In a time of ever-changing workplaces and employee/employer relationships, many academics are turning to history and epistemology to determine future research and practice in the area of employment relations (ER) and human resource management (HRM). From the gig economy, working remotely and the growing use of artificial intelligence in recruitment, this book reflects on theories that have conceptualised ER for decades and the systems and practices that will characterise an ethical and stable work environment moving forward.

Professor Keith Townsend, co-editor of Elgar Introduction to Theories of Human Resources and Employment Relations (2019) and member of the Centre for Work, Organisation and Wellbeing says that this Elgar Introduction provides an overview of some of the key theories that inform HRM and ER as a field of study.

“It was a collaborative effort among leading scholars in the field and we explore theories in the context of contemporary debates concerning policies that affect and regulate work and the management of employment as well as the activities and experiences of actors within the employment relationship”, says Professor Townsend.

With co-editors, Kenneth Cafferkey of Sunway University, Aoife McDermott of Cardiff Business and Tony Dundon, University of Limerick, Professor Townsend explains that it was decided to split the book into three parts to capture different theoretical lenses used to reflect on HRM and ER concerns about work: systems and historical development; institutions; and people and processes.

Expert contributors, including several Griffith University (GU) staff and adjuncts, have drawn on extensive research experience to present a contemporary understanding of a range of theories, how they evolved and how they might be used in the future. GU contributing authors covered topics such as: 1) Neo-Pluralism in contemporary employment relations and HRM-The case for workplace and academic dialogue 2) Institutional theory, business systems and employment relations; 3) Using role theory to understand and solve employment relations and human resources problems; and 4) Ability, motivation, and opportunity theory – A formula for employee performance?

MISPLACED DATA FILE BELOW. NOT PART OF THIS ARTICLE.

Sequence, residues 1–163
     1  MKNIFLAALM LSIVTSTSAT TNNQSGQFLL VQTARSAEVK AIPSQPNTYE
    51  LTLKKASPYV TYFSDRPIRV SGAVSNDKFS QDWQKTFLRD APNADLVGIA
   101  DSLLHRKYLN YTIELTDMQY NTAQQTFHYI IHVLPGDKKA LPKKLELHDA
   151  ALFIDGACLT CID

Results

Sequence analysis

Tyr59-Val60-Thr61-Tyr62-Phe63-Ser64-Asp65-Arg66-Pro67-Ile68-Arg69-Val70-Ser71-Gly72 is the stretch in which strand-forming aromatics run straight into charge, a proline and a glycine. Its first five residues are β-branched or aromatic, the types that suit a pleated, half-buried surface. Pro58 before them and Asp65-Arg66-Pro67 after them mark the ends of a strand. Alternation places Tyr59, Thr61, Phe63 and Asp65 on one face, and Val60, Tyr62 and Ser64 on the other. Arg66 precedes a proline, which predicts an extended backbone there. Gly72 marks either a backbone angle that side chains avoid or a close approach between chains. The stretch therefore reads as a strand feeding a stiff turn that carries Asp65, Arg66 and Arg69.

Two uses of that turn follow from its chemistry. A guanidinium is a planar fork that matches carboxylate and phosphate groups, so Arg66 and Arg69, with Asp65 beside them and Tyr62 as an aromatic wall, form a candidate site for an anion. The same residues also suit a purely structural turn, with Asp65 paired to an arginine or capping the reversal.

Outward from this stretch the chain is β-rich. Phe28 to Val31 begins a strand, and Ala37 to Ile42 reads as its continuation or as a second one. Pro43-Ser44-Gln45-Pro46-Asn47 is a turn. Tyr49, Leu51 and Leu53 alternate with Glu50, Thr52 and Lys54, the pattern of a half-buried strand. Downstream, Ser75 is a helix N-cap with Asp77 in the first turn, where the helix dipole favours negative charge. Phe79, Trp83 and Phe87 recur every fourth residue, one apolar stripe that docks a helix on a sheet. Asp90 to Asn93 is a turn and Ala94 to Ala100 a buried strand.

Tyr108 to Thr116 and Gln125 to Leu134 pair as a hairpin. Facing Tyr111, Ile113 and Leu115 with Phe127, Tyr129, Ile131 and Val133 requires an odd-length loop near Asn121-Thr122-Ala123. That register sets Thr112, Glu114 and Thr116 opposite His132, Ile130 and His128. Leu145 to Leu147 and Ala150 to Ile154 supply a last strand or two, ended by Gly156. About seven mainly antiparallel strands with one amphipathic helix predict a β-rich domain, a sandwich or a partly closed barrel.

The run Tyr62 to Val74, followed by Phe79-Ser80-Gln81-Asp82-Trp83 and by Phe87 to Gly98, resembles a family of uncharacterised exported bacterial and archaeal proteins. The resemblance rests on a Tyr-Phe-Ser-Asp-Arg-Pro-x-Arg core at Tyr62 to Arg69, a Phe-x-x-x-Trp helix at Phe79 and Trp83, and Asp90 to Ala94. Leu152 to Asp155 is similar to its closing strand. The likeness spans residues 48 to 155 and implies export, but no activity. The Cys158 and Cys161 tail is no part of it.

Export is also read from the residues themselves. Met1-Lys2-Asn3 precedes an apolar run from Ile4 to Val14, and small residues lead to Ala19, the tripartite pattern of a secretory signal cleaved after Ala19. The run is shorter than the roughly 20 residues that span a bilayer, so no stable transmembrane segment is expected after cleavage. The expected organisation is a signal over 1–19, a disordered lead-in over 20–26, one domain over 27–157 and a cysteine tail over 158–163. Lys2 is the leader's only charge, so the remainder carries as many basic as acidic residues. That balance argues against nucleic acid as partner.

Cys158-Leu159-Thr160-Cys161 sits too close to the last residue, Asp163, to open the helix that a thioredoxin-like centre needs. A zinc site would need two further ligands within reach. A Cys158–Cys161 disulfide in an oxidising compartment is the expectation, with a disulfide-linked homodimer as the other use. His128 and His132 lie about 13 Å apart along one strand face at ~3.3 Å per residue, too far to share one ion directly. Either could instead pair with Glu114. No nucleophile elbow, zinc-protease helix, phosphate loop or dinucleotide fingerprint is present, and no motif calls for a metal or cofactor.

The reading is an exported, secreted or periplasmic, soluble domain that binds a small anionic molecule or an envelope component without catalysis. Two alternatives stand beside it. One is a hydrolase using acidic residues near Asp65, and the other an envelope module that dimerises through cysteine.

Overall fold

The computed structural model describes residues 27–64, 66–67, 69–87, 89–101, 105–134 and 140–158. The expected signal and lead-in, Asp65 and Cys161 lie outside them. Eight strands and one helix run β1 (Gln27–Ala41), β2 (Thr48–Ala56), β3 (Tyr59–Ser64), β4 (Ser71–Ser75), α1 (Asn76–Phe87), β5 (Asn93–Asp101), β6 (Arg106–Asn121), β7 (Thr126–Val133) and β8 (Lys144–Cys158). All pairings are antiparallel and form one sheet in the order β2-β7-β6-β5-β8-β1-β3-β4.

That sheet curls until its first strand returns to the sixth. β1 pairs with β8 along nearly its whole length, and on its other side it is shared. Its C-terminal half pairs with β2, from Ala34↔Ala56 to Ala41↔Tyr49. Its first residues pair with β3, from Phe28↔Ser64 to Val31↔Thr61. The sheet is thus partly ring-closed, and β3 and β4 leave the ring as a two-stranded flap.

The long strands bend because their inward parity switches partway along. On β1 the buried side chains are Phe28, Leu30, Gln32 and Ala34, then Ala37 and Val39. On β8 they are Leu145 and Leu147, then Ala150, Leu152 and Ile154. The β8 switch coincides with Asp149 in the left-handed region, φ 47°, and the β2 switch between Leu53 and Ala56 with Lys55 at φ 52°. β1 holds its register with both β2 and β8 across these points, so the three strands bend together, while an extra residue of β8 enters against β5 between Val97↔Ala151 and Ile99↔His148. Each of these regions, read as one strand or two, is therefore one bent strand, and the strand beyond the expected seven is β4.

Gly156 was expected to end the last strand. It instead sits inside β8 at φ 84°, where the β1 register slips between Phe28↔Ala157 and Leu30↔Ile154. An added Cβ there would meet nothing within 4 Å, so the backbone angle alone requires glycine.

The book has already received international recognition as essential reading for HRM, ER and management scholars and research students, challenging readers to reassess their thinking about the significance of theory in research and practice.

Bringing together a diverse set of authors of distinguished pedigree, this collection provides an authoritative survey of theories of the employment relationship. Classical theories of work and employment are fully represented, with excellent chapters on Marxism, pluralism, feminism, human relations, labour process and systems theory, but so too are newer theoretical currents, many of which have their point of origin in the broader field of management studies. There are strong chapters on trust, role theory, evolution, paradox, social exchange, RBV and AMO: bodies of thought that are generating fresh understandings of employment and how it is managed. The collection as a whole is an invaluable resource for students, teachers and researchers; a broad-ranging and imaginative survey of how we think about work. – Edmund Heery, Cardiff University, UK

‘What is wonderful about this book is that in one place you can find all the prominent theories of HR and employment relations. The individual chapters are outstanding, which is what I would have expected from a stellar editorial team and first-rate contributors. A must-read for anybody interested in human resource management.’ – Sir Cary Cooper, CBE, University of Manchester, UK

Contributing GU authors: Professors Keith Townsend and Ashlea Troth, Associate Professor Rebecca Loudoun, Dr Ashlea Kellner, PhD Candidate Qian Yi Lee and Adjunct Professors Peter Ackers and Geoffrey Wood

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